X-Files: Ground Zero (Kevin J. Anderson)
The X-Files: Ground Zero is the fifth and penultimate novel released as a tie in to the popular TV franchise. It has many of the same qualities as the previous works, which I have both liked (Skin, Ruins) and hated (Antibodies,) and therefore those expecting a legitimately unique view of the characters and the universe will be disappointed. Ground Zero does deliver a fun plot built on an intriguing premise, but it is fairly shallow and lacks most of the intrigue of the TV show.
Ground Zero concerns a new nuclear program, Project Anvil, and the mysterious murders of some of the personnel involved in its development. Mulder and Scully are assigned to the case and spend a large amount of the story hunting down clues, conducting interviews, and performing autopsies as they try to solve the case. This segment functions exactly as you would expect, with plenty of red herrings, crackpot theories, and deceitful witnesses to prolong the plot's rising action. It isn't a bad set up for our finale, but it is a bit formulaic, relying a bit too much on the structure of the show without doing anything to stand out. Their investigations eventually lead them to uncover more details about Project Anvil, and they head to the pacific to investigate what they believe is an upcoming detonation of the nuke.
The set up starts to get a bit ridiculous as the project lead decides that the best way to cover up evidence of a nuclear explosion will be to test it in the middle of a massive typhoon. I'm not sure who he thinks he is going to fool by doing this, as devastation caused by weather doesn't look anything like a nuclear blast, and there are plenty of other effects of a nuclear blast that don't concern radiation (Anvil's major benefit is that it is fallout free, something that project director Bear Dooley describes while spouting implausibly naive lines about how the government is sure to be responsible with this new technology) so in terms of plausibility and suspension of disbelief, the story dies an ugly death here, but there is still plenty to enjoy here. Our heroes finally meet up with the surprisingly benevolent antagonist and fill in most of the gaps in the mystery, though the agents soon find themselves in mortal peril with seemingly no way of escape.
The cataclysmic conclusion is interesting and mostly befitting of the show, but the weak setup, and obvious cop out nature of the solution (island about to get destroyed, use reinforced boat that we brought to the island to escape) hinder an otherwise strong finale. We finally get a glimpse of Skinner, and a taste of yet another government cover up with its fair share of loose ends. Overall I'd say the plot could have been better in terms of complexity and mystery, but as a paint by numbers monster of the week episode, it works well enough.
Our cast of characters, as ever, revolves around the interaction between Mulder and Scully. As with Kevin J. Anderson's previous offerings to the franchise, the two don't get a great portrayal here, with Mulder being too much of a clown, joking in even the most inappropriate of times and for the stupidest of reasons, and Scully being completely lifeless. There is an attempt to add some original character development by mentioning Scully's past and near life changing decision to enter the world of political activism during her college years, but it never amounts to much, and Mulder remains ignorant of it for the entire book, foregoing the opportunity for a heated discussion between the two about something other than a case. The rest of the book's cast is composed of the usual roundup of hapless victims, power hungry scientists, and clueless sycophants, though there is one stand out. The main antagonist for the book is a survivor of a nuclear bomb test that killed the rest of his islander tribe and left him blind and hideously scarred. Tormented by the voices of his fallen kinsman, the man is driven to eliminate key members of the ongoing nuclear testing program to ensure that such outrages never happen again. The character is a perfect example of the tragic villain and he works well within the context of the story, illustrating the evil that comes up on both sides of the issue with the supernatural flair so essential to the X-Files.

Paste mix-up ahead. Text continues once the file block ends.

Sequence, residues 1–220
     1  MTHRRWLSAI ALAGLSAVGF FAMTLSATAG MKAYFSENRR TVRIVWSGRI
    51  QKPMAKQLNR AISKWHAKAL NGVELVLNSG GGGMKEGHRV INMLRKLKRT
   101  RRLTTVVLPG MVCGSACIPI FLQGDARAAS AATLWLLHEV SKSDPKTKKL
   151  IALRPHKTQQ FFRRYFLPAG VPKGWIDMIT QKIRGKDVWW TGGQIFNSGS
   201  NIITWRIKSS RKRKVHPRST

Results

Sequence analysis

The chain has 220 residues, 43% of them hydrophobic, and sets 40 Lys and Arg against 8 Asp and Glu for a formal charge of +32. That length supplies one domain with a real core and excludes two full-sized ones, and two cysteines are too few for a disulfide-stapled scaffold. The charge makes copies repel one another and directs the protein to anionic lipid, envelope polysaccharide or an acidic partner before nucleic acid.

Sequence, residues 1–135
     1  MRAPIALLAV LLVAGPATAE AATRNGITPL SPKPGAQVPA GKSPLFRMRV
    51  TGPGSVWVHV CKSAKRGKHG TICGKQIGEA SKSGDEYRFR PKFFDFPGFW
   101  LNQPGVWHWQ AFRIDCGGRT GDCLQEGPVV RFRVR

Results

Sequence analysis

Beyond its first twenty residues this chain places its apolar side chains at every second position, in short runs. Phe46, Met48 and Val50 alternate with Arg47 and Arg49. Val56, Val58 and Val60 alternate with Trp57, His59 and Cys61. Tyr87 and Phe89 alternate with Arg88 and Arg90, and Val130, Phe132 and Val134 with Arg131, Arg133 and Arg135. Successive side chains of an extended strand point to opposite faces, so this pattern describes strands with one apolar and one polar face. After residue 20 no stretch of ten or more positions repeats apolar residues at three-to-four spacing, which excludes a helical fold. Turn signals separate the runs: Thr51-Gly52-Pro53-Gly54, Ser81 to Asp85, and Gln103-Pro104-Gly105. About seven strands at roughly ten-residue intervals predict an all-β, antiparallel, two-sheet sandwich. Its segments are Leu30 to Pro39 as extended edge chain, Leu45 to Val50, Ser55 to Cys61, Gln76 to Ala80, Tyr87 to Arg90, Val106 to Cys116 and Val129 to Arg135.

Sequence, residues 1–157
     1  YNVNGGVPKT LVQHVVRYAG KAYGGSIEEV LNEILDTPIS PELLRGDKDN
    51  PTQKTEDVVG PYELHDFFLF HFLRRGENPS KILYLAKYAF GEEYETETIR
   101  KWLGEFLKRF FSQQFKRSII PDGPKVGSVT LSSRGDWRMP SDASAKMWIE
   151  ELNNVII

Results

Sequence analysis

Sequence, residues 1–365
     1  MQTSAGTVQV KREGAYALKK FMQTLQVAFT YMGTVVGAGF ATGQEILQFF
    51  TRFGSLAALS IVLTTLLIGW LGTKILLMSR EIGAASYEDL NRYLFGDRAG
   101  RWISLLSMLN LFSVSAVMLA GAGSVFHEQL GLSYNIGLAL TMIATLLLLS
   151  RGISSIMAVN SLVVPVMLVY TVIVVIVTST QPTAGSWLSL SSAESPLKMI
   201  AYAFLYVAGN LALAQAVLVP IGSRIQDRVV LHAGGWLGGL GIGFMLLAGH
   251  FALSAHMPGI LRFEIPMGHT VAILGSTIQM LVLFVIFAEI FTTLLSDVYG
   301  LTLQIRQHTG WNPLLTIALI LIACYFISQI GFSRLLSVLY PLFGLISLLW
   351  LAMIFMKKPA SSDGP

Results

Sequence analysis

The writing in Ground Zero is pretty bad, but nothing surprisingly so when matched against Mr. Anderson's previous offerings. There is a complete lack of tension in this book, and the more mysterious events are described in the least imaginative of ways. The nuclear ash that forms the backbone of the plot is somewhat confusing, being poorly explained and ineptly described, using the same phrases over and over again with little effect. Combine this with the heavy handed attempts at both humor and morality, bland dialogue with almost no interplay between Scully and Mulder, and an impeccably boring writing style, and you get yet another mostly inoffensive but totally uninteresting work by Mr. Anderson.
Ground Zero isn't anything special, and far from a must read piece of literature for people who don't have an interest in the show. Even those who love the show will want to temper their expectations, as you are getting an inconsistent and static portrayal of the main characters in a typical and uninspiring adventure. Good for a mild entertainment, with a premise that was interesting but undeveloped, Ground Zero can be safely skipped by just about anyone.